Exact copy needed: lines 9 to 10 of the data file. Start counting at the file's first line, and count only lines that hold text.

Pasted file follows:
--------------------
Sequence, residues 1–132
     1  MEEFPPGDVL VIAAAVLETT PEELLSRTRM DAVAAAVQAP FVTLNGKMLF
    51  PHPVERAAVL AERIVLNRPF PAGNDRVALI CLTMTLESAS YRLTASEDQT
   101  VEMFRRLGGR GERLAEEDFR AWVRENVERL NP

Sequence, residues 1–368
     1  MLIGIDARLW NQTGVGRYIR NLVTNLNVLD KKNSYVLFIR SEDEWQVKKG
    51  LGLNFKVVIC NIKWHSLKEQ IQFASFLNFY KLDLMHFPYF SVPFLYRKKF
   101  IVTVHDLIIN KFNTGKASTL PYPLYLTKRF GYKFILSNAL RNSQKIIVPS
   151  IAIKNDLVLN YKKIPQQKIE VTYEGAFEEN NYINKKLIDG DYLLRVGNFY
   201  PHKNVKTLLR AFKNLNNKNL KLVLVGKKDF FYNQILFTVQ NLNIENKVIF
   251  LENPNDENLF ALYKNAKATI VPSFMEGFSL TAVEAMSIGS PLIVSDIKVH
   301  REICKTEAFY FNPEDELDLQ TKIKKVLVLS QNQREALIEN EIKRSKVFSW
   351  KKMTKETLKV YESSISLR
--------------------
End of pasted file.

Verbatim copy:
   151  IAIKNDLVLN YKKIPQQKIE VTYEGAFEEN NYINKKLIDG DYLLRVGNFY
   201  PHKNVKTLLR AFKNLNNKNL KLVLVGKKDF FYNQILFTVQ NLNIENKVIF